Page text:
Star Wars: The Force Awakens opens in less than two weeks, kicking off an ambitious plan to release a new Star Wars movie every year for a very long time. The new owner of the franchise, Disney, intends to produce a mix of sequels and spin-off films that will continue Star Wars forever.
But instead of looking at what’s next for Star Wars we want to take a moment to look at the past of the most influential blockbuster ever made. Like any great work it has a diverse range of influences and tributes, some of which might surprise you (just the original trilogy, we deny the prequels ever happened.) Also, we’re assuming you’re already familiar with Star Wars, but if you haven’t seen it, here’s the whole movie in GIF form:
Picasso once said, “Good artists copy; great artists steal,” and George Lucas stole a big chunk of the book Dune for Star Wars. Dune is a popular sci-fi epic from the 1960s that’s gotten well-known thanks to a TV miniseries in the 2000s and a movie adaptation in the 1980’s that features Sting as a mostly naked bad guy.
It takes place on a desert planet, you know, like Luke Skywalker’s home planet.
It features a religious-y order of warriors who have special fighting abilities and can control minds who end up training the hero in their ways as the universe’s savior. Sound Jedi enough to you?
In a huge twist, the villain of Dune turns out to be the hero’s (grand)father.
Dune’s author, Frank Herbert, supposedly made a list of 37 similarities between the two works.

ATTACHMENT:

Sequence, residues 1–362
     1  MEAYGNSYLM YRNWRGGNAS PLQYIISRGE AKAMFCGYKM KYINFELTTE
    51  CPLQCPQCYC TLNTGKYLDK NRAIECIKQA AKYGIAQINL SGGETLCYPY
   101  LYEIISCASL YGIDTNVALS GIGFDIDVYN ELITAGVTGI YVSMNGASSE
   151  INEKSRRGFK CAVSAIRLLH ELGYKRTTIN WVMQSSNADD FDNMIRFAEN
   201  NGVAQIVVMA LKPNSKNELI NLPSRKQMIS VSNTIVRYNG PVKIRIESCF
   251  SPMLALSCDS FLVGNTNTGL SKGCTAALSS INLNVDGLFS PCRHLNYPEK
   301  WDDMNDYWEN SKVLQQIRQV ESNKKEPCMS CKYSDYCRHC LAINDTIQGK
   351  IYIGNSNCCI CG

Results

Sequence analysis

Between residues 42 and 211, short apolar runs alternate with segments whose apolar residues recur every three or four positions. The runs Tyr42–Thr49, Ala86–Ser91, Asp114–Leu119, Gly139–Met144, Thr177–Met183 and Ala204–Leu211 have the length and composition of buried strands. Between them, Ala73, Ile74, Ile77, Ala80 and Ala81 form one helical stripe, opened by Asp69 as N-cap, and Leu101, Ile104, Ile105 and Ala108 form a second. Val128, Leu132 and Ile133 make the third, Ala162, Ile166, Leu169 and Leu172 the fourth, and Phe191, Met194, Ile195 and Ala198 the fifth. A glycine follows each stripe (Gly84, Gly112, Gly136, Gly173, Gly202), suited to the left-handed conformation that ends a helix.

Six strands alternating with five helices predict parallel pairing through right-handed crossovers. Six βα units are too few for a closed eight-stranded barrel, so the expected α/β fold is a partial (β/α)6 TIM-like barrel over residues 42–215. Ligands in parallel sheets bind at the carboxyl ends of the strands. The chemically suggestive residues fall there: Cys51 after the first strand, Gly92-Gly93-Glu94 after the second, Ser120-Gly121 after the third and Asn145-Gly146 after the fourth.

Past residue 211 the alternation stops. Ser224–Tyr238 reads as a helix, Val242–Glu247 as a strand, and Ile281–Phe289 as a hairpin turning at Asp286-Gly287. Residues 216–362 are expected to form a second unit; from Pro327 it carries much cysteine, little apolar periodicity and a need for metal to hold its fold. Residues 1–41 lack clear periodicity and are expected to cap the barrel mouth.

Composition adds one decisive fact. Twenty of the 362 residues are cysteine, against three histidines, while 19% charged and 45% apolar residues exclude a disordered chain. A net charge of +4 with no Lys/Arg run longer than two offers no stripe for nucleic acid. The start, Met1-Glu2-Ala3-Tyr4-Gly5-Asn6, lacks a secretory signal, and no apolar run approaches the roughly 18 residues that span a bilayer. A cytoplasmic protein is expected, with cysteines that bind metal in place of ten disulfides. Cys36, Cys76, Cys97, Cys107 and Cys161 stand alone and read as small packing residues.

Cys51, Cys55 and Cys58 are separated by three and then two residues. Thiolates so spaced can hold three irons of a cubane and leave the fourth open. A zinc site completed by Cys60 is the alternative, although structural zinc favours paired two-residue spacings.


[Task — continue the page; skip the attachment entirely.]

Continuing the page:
Lucas is fairly open that Star Wars (and Indiana Jones for that matter) is meant to evoke the mostly forgotten adventure flicks he loved as a kid. Before making Star Wars, he tried to produce a remake of the 1930s Flash Gordon movies, but couldn’t secure the rights. But a healthy dose of Flash Gordon ended up in the movie he made instead.
Do these opening credits look familiar?
Flash Gordon features the rescue of a sexy space princess who turns out to be a tough broad once you get her a laser gun.
And there’s a floating city in the sky ruled by someone who at first works with the series villain but later joins the heroes.
The Hidden Fortress
The Japanese samurai movie The Hidden Fortress features two bickering bumbling peasants who resemble two familiar droids.
Who end up assisting a rebellion led by a princess and an older wiser warrior. The wise warrior fights a duel with an old enemy from long ago in his past.
And That’s Not All
The climactic destruction of the death star in the first Star Wars movie borrows shots and dialogue from the WW2 aviation thriller The Dam Busters.
Darth Vader bears more than a passing resemblance to comic book super-villain Doctor Doom.
If you want to get deep, the theories of Professor Joseph Campbell about mythology were a huge Star Wars influence. He claimed that heroic myths from around the world all possessed the same 12-point structure and George Lucas says he deliberately used this “Hero’s Journey” outline in Star Wars.
So there you have it—the story of how a hodgepodge of low budget children’s sci-fi, comic books, Japanese films, and the theories of a comparative religion scholar were mixed to make one of the most beloved film series in the world. But, don’t think we’re knocking George Lucas, there’s nothing new out there, true art is how one uses their inspirations to create something unique, and he succeeded with Star Wars!
Oh, and if we forgot any major influences you know about, let us know in the comments section.